It’s funny how dogs think they know the way during their first visit anywhere, and this was the case in Rock City. He led the way along the 4,100-ft walking trail as we squeezed through narrow canyons, up and down stairs, and over the Swing-A-Long-Bridge which is a 180-ft long suspension bridge.

Road Trip with a Dog: Rock City, Lookout Mountain, Georgia, Aug. 2019
Some of the Characters in Fairytale Caverns in Rock City, Georgia, Aug. 2019.

Enjoying the Views in Rock City

We paused, frequently, to cool off, hydrate, and enjoy the scenery, such as High Falls, the 90-ft waterfall and viewing seven states at Lover’s Leap. At least, I enjoyed the scenery, my dog could care less.

Outside Café 7, the full-service restaurant, was a dog bowl with water so we made another hydration stop to beat the heat. If you’d like to dine on the Café 7 with your pup, there’s a doggie menu!

Road Trip with a Dog: Rock City, Lookout Mountain, Georgia, Aug. 2019
Radcliff Cooling Off with a Drink at Cafe 7 in Rock City, Lookout Mountain, Georgia, Aug. 2019

I should mention, Rock City has pet clean-up stations along the trail, although I typically carry my own.

I was fascinated with the Fairyland Caverns and the vibrant neon statues and scenes. Radcliff appreciated the coolness of the cave floors. It has an interesting history. Fairyland Caverns was created due to the slow down in visitation due to WWII between 1942 – 1945. To create something new, an artist was commissioned to create the fairytale scenes still enjoyed by all to this day.

Rock City is an American icon and I’m so glad I finally visited. I’m also glad the attraction is dog-friendly because if it wasn’t, I would need to visit another time.

Nuts & Bolts About Planning a Visit to Rock City

Rock City
1400 Patten Rd.
Lookout Mountain, Ga. 30750
Tel: (706) 820-2531
Visit the Rock City website for current hours of operation and admission.
If you’ll be visiting Rock City with your dog, all pets must be kept on a leash.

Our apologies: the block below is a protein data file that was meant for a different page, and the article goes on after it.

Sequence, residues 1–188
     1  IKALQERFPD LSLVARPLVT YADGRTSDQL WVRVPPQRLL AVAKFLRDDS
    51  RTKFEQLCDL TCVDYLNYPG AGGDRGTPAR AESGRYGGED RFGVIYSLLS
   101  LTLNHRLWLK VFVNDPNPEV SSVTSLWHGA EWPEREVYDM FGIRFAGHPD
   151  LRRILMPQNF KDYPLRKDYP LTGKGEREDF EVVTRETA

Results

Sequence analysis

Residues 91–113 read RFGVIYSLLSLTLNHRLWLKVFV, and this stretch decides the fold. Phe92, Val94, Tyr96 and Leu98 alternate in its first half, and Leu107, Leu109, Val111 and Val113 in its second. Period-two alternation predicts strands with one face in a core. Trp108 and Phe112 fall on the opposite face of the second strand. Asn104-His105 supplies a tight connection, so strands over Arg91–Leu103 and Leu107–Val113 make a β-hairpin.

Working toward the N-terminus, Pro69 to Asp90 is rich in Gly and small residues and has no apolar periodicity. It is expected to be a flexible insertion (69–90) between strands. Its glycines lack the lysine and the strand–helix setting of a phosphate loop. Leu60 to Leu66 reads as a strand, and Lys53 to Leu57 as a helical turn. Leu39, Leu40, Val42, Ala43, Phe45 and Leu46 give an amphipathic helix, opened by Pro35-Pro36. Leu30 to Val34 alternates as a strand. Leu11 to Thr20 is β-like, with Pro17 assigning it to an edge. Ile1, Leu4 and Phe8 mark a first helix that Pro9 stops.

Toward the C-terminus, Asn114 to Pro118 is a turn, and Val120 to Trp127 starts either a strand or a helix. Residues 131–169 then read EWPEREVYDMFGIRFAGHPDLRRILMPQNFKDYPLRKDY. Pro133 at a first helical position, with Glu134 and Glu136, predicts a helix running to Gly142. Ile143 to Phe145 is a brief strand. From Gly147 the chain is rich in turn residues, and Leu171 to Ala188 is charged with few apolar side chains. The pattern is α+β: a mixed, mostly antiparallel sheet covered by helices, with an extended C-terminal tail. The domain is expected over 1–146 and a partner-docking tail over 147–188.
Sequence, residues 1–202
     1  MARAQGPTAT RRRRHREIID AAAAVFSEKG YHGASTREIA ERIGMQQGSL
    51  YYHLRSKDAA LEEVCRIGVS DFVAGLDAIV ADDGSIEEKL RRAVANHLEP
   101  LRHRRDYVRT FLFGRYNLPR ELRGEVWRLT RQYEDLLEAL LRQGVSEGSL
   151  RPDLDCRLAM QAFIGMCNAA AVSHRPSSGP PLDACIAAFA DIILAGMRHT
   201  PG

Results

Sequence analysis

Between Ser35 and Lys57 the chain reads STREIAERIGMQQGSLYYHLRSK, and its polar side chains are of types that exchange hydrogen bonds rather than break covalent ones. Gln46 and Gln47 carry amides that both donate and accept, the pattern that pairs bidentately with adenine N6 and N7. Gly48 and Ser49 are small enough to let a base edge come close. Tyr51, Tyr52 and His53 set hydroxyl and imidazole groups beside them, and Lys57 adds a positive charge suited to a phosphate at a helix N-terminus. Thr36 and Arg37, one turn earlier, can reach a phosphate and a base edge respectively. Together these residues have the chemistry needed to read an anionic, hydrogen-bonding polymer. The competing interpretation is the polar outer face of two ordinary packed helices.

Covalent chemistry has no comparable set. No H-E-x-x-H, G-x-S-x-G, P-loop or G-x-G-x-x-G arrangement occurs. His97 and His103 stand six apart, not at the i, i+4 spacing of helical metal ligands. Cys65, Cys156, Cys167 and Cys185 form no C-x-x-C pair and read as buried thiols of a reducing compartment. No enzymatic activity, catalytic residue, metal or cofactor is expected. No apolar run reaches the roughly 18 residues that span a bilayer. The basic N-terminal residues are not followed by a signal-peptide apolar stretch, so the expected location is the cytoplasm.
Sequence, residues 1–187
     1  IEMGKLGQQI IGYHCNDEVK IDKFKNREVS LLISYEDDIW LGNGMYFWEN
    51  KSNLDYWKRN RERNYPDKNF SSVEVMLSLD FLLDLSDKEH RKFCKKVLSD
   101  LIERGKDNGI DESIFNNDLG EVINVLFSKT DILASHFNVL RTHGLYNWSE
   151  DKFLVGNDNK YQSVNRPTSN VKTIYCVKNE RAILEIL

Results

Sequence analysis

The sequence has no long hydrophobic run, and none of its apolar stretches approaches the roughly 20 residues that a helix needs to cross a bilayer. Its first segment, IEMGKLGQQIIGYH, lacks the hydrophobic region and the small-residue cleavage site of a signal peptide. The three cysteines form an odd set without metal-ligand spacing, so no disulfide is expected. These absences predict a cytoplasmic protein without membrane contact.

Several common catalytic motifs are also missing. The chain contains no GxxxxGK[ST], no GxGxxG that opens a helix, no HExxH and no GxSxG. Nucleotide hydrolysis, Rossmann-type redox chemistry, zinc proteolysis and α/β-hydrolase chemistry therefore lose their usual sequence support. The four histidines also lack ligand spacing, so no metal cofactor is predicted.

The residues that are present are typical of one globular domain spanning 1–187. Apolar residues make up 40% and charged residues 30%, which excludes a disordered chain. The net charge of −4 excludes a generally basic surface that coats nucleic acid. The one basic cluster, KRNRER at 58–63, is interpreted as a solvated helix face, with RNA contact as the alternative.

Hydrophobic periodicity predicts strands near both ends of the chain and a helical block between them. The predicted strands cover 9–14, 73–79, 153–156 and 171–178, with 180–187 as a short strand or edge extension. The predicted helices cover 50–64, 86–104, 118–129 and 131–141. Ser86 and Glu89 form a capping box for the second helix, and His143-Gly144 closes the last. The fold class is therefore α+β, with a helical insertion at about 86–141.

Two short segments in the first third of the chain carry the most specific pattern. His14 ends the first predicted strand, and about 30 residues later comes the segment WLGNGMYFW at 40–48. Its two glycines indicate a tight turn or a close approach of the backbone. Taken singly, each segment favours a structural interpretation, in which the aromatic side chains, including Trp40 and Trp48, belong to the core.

Allow at least 2 hours at Rock City but my visit with my dog was much quicker and a bit of a whirlwind. The gardens and rock formations are stunning and I loved spotting a gnome or two, and the gorgeous scenery. Visiting Rock City made my road trip with a dog even more enjoyable and broke up the trip.

View Additional Photos from My Rock City Trip on Flickr

Road Trip with a Dog: Rock City, Lookout Mountain, Georgia, Aug. 2019


This post contains affiliate links to support this blog, my traveling habit, and my special-needs dog.


Solo Travel Girl

Jennifer A. Huber is the voice behind Solo Travel Girl. She's an award-winning travel and outdoor blogger and writer in Southwest Florida. Originally from Buffalo, N.Y., a hiking trail led her to a career path in the tourism industry for more than 30 years. She spent a decade with a park management company in Yellowstone, Death Valley, and Everglades National Parks. She founded the travel blog, with the goal of inspiring others to travel alone, not lonely. Jennifer holds a Travel Marketing Professional certification from the Southeast Tourism Society, is a certified food judge, member of the NASA Social community, and alum of the FBI Citizens Academy. When not traveling, she is either in the kitchen, practicing her photography skills, or road tripping with her dog, Radcliff.